- The Washington Times - Wednesday, August 8, 2001

TAMPA, Fla. — A month shy of his 33rd birthday, Brad Johnson is starting over again. And he couldn't be happier, both to be in Tampa and to be out of Washington.

"Last year was total chaos within the whole organization, and we just didn't play well," Johnson said. "As bad as it was, I was 7-4 as a starter for an 8-8 team and got labeled… . I didn't get enough credit for winning seven games."

Without naming names, Johnson implied Dan Snyder is the reason he's no longer a Redskin. Snyder, the co-owner in-waiting in February 1999, hadn't wanted to acquire Johnson from Minnesota in the first place. That Johnson took the Redskins to the playoffs that fall for the first time in seven years and made the Pro Bowl apparently didn't have much of an effect on the relationship between the quarterback and the owner.

"I enjoyed Washington," Johnson said. "Everyone I was concerned with treated me great: [coach] Norv [Turner], the coaching staff, the players. But the way things were handled were wrong. Everyone can read between the lines. But that's over, and you move on."

And he's moved to a Buccaneers team that has long had a ferocious defense but hasn't had a 30-something starting quarterback since the Reagan Administration.

"It's easy to point to the quarterback, but this is the first time they've had a veteran," Johnson said. "I think I've come in at a good time. They set a franchise record for points scored [388] last year. But they had six games [plus the first-round playoff loss at Philadelphia] with 17 points or less. Hopefully, I'll bring a consistency level. Maybe we won't score as many points, but we'll play at a higher level every week."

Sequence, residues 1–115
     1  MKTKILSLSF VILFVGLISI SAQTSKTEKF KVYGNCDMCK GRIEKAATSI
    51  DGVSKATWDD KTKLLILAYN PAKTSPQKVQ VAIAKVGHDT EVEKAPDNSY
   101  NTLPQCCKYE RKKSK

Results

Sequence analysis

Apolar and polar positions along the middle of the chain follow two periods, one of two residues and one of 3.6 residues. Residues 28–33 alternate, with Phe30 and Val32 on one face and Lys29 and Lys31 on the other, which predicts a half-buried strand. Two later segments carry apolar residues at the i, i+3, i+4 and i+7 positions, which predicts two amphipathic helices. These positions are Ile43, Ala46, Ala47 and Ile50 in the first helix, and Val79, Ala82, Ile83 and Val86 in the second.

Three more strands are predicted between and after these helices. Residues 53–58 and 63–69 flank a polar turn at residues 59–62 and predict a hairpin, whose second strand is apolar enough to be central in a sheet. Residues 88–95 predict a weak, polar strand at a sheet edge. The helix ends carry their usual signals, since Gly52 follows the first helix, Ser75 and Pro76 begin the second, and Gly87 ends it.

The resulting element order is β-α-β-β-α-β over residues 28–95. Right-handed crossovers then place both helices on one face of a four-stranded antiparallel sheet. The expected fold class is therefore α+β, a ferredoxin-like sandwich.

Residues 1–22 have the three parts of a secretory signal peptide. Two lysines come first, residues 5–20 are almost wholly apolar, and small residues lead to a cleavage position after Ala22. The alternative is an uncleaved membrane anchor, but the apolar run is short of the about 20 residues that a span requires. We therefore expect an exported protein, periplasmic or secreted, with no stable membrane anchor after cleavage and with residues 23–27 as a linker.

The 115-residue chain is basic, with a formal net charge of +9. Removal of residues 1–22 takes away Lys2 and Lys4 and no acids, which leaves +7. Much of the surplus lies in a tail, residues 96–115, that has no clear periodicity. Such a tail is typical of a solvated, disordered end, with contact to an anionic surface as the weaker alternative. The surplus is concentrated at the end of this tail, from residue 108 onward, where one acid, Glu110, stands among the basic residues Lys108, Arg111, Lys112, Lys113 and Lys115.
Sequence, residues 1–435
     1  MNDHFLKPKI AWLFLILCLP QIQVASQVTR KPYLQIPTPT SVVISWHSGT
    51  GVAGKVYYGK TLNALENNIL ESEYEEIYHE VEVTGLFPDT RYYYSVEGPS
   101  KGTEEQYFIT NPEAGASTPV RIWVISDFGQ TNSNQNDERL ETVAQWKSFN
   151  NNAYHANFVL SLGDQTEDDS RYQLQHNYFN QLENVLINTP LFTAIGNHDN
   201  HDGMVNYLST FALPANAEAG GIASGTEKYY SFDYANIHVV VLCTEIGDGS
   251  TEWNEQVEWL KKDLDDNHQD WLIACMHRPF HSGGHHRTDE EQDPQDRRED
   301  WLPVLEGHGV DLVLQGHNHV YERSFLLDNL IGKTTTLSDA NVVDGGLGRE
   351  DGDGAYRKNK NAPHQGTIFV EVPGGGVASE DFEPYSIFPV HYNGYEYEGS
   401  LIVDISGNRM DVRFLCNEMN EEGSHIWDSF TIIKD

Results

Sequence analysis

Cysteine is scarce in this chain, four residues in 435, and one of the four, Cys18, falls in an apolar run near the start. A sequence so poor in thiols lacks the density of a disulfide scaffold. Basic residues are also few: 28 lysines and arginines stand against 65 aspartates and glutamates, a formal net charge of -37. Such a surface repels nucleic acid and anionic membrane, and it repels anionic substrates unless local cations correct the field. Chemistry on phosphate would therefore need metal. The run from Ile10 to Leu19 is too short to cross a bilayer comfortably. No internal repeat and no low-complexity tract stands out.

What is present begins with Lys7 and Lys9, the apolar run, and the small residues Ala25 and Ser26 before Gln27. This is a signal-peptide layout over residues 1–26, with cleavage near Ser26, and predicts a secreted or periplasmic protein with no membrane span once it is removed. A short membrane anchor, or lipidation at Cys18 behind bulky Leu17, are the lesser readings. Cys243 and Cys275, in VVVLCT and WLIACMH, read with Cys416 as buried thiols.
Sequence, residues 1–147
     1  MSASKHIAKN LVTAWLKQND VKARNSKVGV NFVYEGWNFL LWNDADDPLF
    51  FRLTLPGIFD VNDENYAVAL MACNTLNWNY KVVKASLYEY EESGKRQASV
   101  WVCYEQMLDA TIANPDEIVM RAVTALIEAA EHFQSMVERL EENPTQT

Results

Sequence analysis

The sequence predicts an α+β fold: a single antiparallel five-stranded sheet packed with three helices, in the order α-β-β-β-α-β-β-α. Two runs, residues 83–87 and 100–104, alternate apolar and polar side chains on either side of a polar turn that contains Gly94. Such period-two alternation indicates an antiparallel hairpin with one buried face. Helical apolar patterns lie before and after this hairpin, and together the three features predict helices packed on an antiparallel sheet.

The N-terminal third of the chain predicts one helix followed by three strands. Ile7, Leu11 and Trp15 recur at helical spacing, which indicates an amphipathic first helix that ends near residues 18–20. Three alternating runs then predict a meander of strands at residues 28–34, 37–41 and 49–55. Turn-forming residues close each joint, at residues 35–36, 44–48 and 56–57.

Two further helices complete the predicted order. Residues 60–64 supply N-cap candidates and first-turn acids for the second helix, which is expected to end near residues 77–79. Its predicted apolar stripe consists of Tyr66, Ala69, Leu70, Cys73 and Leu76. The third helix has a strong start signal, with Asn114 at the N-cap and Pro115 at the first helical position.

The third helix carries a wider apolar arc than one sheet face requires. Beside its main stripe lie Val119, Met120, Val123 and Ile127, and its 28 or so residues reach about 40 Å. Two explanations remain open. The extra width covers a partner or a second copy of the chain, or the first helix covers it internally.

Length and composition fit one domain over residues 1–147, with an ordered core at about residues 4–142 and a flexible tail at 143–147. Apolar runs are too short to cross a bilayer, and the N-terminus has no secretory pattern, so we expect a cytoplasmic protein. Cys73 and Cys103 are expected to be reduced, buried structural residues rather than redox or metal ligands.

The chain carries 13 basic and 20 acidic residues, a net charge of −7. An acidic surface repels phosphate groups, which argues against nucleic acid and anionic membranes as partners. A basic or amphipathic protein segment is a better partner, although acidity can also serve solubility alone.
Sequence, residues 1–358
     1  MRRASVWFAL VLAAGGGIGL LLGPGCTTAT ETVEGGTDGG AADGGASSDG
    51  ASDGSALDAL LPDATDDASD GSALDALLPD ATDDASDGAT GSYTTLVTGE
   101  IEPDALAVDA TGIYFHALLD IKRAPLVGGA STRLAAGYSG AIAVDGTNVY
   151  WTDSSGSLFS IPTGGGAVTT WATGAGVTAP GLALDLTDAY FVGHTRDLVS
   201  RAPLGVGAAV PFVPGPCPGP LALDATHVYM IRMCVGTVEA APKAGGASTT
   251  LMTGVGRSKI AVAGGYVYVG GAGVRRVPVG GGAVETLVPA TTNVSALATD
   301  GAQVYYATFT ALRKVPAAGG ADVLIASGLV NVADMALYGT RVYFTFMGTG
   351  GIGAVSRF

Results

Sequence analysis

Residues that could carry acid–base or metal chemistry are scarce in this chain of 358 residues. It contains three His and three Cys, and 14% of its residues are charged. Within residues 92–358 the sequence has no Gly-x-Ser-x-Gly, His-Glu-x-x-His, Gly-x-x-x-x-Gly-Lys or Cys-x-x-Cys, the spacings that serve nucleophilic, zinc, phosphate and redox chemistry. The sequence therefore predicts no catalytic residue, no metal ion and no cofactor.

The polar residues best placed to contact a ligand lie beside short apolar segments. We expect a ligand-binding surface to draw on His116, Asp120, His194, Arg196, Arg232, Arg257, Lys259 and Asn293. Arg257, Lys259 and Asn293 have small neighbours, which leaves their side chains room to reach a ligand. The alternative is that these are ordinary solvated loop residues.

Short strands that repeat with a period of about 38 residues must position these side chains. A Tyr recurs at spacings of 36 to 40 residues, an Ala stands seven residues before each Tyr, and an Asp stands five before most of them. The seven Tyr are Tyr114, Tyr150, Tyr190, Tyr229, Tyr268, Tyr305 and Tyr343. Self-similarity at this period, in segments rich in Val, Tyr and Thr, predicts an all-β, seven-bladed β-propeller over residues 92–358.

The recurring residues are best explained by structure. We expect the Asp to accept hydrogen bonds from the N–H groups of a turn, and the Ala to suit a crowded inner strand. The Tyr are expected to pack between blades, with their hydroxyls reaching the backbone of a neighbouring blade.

Johnson does offer some impressive credentials. His 61.8 completion percentage is third all-time behind only San Francisco superstars Steve Young and Joe Montana. Among active quarterbacks with a least 28 starts, only Doug Flutie, Brett Favre and Steve McNair have higher winning percentages than Johnson's .640. And his career 84.7 rating is seventh all-time. After throwing just 73 passes in his first four seasons in Minnesota, Johnson guided the Vikings to the 1996 playoffs and had them headed back the next two years before injuries intervened. Then came his big 1999 season in Washington and last year's circus.

There was no question Johnson was going to be an ex-Redskin, but the money was on him reuniting with Baltimore coach Brian Billick, his Vikings offensive coordinator.

"I pretty much assumed Brad was going to Baltimore," said Bucs coach Tony Dungy, the Vikings' defensive coordinator during Johnson's first four years in Minnesota. "He said, 'Don't count yourselves out. There are some things I like about Tampa.' "

Like Dungy, ex-Vikings Pro Bowl blockers Randall McDaniel and Jeff Christy and new offensive coordinator Clyde Christensen, who coached Johnson in the 1999 Pro Bowl. And Johnson said "the structure" of Tampa Bay's five-year, $28 million contract which will put $12.75 million in his pocket the first two years was critical.